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On Sep 7, 2011, at 12:43 AM, JACK SARFATTI wrote:

On Sep 6, 2011, at 1:07 PM, Paul Zielinski wrote:

In 1905 SR, it is the coordinate speed that is an absolute invariant under the Einstein-Lorentz transformations and this is at the core of Einstein's 1905 version of relativity.

I replied:

(ct)^2 - L^2 = (ct')^2 - L'^2  S and S' both GLOBAL inertial frames

L^2 = x^2 + y^2 + z^2

PZ: In modern GR, the coordinate speed is not invariant under general transformations; so it is deprecated as "coordinate speed" in favor of invariant measures, in the spirit of general covariance.

I replied:

(cdt)^2 - dx^2 - dy^2 - dz^2 = guv(LNIF)dx^udx^v = gu'v'dx^u'dx^v'

first = is the tetrad map

2nd = is a GCT

You really can't define the speed of light very well when there is gravimagnetism g0i = Ai =/= 0

Define dL^2 = gijdx^idx^j

i,j = 1,2,3

for a light ray ds^2 = 0

dT = g00^1/2dt

c^2dT^2 - dL^2 + cAidtdx^i = 0

(dL/dT)^2 = c^2 + cAidx^i/dT

c(LNIF) = [c(LIF)^2 + cAi(dt/dT)dx^i/dT]^1/2

v^I = dx^i/dT

dt/dT = 1/g00^1/2

c(LNIF) = c(LIF)[1 + Aiv^i'/c(LIF)g00^1/2]^1/2

Only when Ai = 0   

c(LNIF) = c(LIF)  and in this case speed of light in a non-dispersive vacuum is an absolute invariant.


PZ: Of course in Minkowski's version of SR, we already have the Lorentz-invariant interval s which gives us the time actually read by moving clocks. And of course this goes over to the generally covariant infinitesimal interval ds^2 = g_uv dx^udx^v in GR. I think this illustrates very clearly how GR supersedes 1905 SR, and how the definition of "light speed" is not the same in both  theories. I think the most one can say is that  in LIFs, the locally observed empirical predictions of the two theories agree, since  the laws of SR "work" in such local frames.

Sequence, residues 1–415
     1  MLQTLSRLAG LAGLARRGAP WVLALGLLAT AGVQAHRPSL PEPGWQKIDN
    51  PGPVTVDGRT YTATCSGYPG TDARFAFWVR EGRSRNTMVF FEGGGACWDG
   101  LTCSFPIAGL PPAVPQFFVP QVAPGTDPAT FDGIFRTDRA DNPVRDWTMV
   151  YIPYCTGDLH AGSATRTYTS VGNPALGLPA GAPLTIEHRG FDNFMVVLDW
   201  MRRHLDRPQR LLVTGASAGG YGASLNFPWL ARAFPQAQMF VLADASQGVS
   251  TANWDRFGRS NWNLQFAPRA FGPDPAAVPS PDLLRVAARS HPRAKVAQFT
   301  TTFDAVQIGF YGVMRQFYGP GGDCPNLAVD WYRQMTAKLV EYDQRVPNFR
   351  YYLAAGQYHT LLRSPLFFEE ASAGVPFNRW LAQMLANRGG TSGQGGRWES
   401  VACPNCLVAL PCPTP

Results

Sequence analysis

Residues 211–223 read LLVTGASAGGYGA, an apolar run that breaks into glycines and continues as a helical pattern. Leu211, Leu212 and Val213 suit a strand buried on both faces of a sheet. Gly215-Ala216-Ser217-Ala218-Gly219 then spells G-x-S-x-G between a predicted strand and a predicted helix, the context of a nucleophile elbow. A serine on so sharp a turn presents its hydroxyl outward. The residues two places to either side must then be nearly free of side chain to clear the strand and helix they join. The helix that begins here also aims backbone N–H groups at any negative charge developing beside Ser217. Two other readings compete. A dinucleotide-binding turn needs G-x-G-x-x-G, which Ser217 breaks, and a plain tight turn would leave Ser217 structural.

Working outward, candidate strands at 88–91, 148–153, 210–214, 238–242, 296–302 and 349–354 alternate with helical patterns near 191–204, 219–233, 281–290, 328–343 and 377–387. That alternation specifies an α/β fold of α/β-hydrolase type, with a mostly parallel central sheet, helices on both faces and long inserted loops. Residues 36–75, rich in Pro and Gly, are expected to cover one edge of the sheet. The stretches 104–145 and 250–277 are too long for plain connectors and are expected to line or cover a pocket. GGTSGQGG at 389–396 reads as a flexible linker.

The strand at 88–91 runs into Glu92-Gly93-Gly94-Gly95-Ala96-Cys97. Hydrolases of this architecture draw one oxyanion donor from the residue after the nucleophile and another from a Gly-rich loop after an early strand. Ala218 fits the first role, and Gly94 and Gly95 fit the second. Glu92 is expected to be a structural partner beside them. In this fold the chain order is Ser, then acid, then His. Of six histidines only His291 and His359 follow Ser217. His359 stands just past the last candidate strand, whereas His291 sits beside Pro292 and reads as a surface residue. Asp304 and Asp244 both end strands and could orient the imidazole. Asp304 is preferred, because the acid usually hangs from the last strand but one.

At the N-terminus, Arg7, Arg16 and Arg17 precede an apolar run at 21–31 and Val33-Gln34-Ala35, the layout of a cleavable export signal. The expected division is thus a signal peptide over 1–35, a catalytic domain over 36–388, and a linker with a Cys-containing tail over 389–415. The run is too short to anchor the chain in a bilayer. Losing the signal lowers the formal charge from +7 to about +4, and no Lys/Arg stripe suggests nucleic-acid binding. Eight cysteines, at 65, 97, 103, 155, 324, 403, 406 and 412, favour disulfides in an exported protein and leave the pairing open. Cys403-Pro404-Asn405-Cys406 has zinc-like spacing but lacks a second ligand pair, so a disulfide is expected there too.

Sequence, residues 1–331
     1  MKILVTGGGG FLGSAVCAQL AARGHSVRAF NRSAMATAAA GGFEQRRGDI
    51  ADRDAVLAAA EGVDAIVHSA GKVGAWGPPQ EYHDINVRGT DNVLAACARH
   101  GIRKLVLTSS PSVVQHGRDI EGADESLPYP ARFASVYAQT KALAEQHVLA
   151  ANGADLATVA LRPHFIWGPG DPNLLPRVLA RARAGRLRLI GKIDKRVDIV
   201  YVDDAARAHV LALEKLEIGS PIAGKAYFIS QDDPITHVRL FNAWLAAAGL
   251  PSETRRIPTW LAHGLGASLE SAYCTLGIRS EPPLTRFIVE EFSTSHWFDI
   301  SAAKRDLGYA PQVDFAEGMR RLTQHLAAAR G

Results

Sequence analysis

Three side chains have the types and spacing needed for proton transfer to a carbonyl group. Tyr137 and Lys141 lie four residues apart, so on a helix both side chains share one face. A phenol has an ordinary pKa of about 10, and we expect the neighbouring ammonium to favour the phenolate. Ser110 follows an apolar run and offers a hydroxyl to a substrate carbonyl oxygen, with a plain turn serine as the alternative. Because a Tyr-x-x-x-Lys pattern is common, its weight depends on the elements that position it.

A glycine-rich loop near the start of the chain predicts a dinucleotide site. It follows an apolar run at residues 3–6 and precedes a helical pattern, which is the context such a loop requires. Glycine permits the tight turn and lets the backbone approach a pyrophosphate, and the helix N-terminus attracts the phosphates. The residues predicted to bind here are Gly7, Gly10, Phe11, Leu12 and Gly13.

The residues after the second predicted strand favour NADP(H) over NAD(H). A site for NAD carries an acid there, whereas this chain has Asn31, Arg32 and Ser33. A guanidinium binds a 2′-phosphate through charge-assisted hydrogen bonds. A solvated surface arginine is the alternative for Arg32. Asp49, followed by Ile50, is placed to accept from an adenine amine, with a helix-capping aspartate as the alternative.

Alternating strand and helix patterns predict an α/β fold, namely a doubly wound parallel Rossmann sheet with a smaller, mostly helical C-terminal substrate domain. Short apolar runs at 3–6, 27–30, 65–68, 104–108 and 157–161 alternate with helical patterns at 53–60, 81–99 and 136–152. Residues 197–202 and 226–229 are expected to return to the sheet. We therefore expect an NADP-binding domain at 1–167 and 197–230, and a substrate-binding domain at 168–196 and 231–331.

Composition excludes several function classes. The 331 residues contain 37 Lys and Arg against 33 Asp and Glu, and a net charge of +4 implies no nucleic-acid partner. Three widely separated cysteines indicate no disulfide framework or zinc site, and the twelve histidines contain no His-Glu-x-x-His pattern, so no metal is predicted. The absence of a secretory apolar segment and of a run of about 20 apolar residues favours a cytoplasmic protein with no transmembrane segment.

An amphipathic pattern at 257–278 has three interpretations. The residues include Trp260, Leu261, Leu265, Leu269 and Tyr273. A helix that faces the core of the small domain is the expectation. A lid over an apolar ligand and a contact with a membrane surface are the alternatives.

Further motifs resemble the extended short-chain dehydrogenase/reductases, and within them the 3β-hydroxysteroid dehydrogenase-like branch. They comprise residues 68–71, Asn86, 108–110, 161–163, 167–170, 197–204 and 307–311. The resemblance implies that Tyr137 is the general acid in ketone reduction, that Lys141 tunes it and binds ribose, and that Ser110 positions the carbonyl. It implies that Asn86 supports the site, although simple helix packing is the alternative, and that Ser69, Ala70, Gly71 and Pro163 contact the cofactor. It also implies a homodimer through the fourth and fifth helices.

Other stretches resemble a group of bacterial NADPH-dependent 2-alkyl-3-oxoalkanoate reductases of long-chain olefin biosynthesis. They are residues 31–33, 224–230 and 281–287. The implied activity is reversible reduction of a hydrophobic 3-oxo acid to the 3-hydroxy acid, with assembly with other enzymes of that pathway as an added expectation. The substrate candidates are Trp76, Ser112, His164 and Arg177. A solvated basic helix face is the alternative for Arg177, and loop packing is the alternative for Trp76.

On 9/4/2011 10:05 PM, JACK SARFATTI wrote:

On Sep 4, 2011, at 9:24 PM, Paul Zielinski wrote:

Jim and Jack,

I think it's high time we got this straightened out. I can;t believe this is still in dispute.

Here's Baez:


"The problem here comes from the fact that speed is a coordinate-dependent quantity, and is therefore somewhat ambiguous.  To determine speed (distance moved/time taken) you must first choose some standards of distance and time, and different choices can give different answers."

"This is already true in special relativity: if you measure the speed of light in an accelerating reference frame, the answer will, in general, differ from c."


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